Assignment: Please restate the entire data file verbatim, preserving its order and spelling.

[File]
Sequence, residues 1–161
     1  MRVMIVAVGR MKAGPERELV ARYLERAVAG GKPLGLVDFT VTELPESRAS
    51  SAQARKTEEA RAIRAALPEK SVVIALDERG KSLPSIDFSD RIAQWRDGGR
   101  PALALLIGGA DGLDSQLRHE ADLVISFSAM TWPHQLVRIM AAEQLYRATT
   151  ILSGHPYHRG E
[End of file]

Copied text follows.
Sequence, residues 1–161
     1  MRVMIVAVGR MKAGPERELV ARYLERAVAG GKPLGLVDFT VTELPESRAS
    51  SAQARKTEEA RAIRAALPEK SVVIALDERG KSLPSIDFSD RIAQWRDGGR
   101  PALALLIGGA DGLDSQLRHE ADLVISFSAM TWPHQLVRIM AAEQLYRATT
   151  ILSGHPYHRG E